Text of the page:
Let’s face it: residency can be a stressful time. You are making real-time decisions regarding your patients’ health and you have a lot more responsibility than you had as a medical student. On top of this, you’ll have a lot less free time and a lot more call. Now is the time to develop those stress-coping strategies and a healthy lifestyle.

    12. Plan a Vacation

    You deserve a reward for all of your hard work the past four years! Plan that trip to Europe that you’ve been dreaming of. If you’re on a tighter budget, consider a road trip to a beach, mountain, or nature getaway to work in some quality relaxation time. If you like to live more on the wild side, think about a vacation to Las Vegas or NYC and check out all of the city’s attractions. Adventuring to a new place is a great opportunity for self-renewal, no matter where you go!

    *Bonus objective: Take Step 3!

    For most specialties, taking USMLE step 3 earlier is more sensible as you tend to lose general medical knowledge as you delve deeper into your field. For others such as primary care, you can afford to put it off. Either way, you will need a passing Step 3 score to apply for your boards, so getting it out of the way early means you have one less worry during busy residency rotations.

    Further Reading

    About the Author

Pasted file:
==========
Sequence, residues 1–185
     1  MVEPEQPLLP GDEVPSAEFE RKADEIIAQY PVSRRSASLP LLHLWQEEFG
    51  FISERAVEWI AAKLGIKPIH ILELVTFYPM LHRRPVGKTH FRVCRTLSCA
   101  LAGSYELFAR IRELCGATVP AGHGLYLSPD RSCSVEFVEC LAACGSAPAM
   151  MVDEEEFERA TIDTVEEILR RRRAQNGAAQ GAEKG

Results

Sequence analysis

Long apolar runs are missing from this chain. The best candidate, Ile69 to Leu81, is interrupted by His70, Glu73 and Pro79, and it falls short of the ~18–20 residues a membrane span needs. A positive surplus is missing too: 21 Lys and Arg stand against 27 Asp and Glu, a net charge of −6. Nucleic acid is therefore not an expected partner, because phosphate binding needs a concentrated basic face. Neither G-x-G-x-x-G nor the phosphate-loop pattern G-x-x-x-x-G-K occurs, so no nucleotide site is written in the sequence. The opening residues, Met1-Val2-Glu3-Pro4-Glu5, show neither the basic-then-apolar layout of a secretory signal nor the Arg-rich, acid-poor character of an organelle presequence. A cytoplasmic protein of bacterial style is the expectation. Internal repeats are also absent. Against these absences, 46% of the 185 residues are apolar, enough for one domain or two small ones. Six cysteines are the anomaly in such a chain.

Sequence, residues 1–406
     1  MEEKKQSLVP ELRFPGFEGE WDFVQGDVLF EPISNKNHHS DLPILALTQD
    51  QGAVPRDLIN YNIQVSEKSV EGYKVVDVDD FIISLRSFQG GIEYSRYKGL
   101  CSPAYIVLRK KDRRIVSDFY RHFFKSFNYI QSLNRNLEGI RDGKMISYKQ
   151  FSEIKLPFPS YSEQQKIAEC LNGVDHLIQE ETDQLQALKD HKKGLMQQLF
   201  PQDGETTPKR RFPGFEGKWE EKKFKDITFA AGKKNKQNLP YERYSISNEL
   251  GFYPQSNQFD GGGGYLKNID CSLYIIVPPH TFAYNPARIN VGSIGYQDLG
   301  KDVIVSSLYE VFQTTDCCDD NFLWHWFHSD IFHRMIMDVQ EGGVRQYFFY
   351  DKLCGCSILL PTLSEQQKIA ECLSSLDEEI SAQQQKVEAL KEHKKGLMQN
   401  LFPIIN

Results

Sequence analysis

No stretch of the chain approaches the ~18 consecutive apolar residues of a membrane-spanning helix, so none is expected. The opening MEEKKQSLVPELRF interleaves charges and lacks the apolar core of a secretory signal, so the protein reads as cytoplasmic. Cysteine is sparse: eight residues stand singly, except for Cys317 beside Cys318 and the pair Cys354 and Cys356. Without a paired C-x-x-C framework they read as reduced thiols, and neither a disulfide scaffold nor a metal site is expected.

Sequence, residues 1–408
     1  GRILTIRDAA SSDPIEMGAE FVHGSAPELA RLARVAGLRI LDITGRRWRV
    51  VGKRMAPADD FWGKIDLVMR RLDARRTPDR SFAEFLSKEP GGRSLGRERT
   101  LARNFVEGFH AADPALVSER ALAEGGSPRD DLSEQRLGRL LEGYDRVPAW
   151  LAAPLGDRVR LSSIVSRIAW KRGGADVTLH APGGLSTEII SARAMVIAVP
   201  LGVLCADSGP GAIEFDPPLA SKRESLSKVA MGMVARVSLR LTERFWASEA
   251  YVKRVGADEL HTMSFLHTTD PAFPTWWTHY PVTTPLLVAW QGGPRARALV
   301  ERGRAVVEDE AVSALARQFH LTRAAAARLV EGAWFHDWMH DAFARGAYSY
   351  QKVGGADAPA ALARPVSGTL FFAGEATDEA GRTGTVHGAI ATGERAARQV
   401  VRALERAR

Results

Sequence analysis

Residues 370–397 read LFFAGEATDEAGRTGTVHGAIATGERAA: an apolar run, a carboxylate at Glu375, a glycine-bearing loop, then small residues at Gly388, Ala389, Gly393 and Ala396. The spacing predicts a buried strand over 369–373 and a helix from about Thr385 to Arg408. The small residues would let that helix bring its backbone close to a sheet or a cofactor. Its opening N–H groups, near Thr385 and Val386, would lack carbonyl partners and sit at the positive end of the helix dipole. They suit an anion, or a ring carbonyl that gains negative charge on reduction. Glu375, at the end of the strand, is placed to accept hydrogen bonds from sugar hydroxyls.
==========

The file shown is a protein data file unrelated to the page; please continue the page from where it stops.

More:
Mike is a driven tutor and supportive advisor. He received his MD from Baylor College of Medicine and then stayed for residency. He has recently taken a faculty position at Baylor because of his love for teaching. Mike’s philosophy is to elevate his students to their full potential with excellent exam scores, and successful interviews at top-tier programs. He holds the belief that you learn best from those close to you in training. Dr. Ren is passionate about his role as a mentor and has taught for much of his life – as an SAT tutor in high school, then as an MCAT instructor for the Princeton Review. At Baylor, he has held review courses for the FM shelf and board exams as Chief Resident.   For years, Dr. Ren has worked closely with the office of student affairs and has experience as an admissions advisor. He has mentored numerous students entering medical and residency and keeps in touch with many of them today as they embark on their road to aspiring physicians. His supportiveness and approachability put his students at ease and provide a safe learning environment where questions and conversation flow. For exam prep, Mike will help you develop critical reasoning skills and as an advisor he will hone your interview skills with insider knowledge to commonly asked admissions questions.